Soybean prices plunged over 5% yesterday (30 June) to $11.57 per bushel after US Department of Agriculture data showing that farmers had planted an estimated 84.84 million acres, up 11% compared with last year and a record amount of land. According to the USDA planting of soybeans was 92% complete by mid-June, well ahead of last year, when wet weather delayed planting in much of the country. With soybean prices more favorable than corn prices going into the planting season, agricultural producers planted less corn this year.
Meanwhile, soybean stocks fell by 7% from a year earlier to 405 million bushels, higher than market analysts had expected who projected soybean stocks would fall to 387 million bushels, the lowest since 1977. Soybean stocks have been declining amid rising demand by US crushers, while demand for feed from livestock has been tempered by the deadly PED virus that has swept through the swine population.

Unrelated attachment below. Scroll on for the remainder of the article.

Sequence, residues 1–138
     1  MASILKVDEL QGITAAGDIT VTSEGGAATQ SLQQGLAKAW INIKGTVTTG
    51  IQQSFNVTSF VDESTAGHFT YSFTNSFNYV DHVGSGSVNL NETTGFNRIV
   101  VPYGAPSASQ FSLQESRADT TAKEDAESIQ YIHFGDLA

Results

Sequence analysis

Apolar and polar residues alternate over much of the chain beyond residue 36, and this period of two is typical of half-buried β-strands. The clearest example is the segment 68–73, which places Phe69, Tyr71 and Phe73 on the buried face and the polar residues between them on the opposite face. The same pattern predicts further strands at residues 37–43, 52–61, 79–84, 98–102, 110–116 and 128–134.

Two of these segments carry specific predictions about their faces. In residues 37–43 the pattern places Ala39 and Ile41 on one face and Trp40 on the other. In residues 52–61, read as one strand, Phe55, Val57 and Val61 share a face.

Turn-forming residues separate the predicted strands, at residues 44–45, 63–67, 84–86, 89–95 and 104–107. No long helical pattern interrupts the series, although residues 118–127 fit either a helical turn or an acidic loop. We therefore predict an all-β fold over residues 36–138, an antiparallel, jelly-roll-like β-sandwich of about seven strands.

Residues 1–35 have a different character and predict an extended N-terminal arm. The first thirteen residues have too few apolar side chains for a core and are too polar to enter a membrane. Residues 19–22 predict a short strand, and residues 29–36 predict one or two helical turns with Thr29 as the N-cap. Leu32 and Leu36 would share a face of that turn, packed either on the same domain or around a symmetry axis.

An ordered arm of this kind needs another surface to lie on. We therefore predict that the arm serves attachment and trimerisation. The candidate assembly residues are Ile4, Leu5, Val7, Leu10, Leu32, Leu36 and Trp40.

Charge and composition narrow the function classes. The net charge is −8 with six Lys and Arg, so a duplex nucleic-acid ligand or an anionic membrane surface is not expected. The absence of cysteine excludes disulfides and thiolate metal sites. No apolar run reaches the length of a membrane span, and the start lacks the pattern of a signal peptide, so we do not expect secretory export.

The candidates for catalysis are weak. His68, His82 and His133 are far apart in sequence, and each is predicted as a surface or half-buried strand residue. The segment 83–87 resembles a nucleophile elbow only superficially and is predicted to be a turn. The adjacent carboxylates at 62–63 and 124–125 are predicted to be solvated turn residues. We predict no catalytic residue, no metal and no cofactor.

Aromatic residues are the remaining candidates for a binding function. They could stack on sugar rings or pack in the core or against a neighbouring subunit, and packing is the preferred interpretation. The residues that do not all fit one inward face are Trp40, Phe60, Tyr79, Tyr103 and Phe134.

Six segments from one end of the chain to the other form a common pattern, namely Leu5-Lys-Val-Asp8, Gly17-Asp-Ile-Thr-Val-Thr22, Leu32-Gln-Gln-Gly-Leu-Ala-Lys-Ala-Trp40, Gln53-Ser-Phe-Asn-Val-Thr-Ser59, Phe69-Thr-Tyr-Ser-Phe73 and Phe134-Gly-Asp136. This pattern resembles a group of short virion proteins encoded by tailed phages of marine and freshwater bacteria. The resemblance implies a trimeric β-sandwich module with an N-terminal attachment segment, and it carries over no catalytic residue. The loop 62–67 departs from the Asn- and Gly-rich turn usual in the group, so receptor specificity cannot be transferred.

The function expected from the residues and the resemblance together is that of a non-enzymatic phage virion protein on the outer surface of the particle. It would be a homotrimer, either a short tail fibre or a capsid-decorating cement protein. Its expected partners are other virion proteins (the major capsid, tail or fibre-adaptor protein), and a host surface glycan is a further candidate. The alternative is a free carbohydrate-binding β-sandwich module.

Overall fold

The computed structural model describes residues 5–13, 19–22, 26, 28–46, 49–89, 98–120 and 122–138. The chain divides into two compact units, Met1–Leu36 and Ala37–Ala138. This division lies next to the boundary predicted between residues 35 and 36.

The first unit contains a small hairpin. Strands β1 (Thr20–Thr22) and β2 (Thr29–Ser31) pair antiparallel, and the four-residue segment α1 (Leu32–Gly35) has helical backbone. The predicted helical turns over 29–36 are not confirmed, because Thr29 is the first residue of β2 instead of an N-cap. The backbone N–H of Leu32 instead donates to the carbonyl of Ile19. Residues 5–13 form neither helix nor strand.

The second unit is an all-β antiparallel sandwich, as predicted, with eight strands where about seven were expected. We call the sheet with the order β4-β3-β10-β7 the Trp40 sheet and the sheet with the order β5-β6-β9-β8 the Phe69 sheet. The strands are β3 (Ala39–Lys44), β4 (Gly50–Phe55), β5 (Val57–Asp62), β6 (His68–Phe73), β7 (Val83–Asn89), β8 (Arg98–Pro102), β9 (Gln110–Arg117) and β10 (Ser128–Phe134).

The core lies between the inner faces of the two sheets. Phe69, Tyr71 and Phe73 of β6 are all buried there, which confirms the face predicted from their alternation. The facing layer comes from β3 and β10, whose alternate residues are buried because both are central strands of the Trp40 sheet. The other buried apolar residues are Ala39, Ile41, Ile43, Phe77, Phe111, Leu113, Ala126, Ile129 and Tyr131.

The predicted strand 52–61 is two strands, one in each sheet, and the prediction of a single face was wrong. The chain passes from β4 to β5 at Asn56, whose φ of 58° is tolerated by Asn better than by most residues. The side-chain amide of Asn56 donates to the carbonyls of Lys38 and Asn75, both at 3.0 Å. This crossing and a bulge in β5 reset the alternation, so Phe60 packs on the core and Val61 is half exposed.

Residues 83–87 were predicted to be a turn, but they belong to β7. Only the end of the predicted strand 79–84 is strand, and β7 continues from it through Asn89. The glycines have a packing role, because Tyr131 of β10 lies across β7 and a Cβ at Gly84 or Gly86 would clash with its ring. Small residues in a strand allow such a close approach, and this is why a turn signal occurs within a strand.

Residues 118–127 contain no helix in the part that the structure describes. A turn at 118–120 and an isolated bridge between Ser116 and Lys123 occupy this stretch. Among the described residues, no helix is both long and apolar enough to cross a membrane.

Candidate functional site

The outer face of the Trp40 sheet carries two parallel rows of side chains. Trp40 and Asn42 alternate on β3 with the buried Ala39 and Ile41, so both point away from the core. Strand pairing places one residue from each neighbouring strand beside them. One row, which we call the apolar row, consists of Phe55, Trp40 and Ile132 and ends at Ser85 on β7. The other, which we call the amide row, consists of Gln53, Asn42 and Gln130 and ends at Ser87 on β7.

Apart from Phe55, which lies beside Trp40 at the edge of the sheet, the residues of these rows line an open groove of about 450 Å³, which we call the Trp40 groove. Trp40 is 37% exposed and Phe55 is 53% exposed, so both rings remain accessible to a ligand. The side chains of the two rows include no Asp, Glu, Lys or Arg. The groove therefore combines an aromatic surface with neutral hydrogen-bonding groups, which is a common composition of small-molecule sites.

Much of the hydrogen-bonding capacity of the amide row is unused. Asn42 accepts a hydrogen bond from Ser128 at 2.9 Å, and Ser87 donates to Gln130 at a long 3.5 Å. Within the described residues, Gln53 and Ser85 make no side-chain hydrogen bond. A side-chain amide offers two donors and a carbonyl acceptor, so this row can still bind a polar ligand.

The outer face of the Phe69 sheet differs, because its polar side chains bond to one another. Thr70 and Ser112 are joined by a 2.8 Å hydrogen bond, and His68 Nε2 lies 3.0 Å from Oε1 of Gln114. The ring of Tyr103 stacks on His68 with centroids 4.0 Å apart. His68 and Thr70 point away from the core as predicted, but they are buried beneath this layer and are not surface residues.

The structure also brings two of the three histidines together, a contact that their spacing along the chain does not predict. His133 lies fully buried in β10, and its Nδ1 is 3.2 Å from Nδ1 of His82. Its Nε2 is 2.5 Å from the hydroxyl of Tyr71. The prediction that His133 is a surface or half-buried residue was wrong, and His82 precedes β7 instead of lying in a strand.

Adding an extra level of uncertainty, US imports of soybeans are thought to be playing an unusually large role at the moment, with volumes expected to hit a record high in 2013-14 as the US seeks to replenish its oversold domestic supplies. The monthly Wasde crop report, unveiled by the USDA on 11 July is likely to clarify whether the higher-than-expected stocks data were down to strong imports or not.
With so much uncertainty going into an important part of the US growing season it is perhaps no wonder that this data has such a significant impact on the price. As the chart below shows traders typically underestimate stock levels going into this period. Soybean prices, now down over 25% since the start of June could see further sharp falls through July if history is any guide with prices bottoming out around October.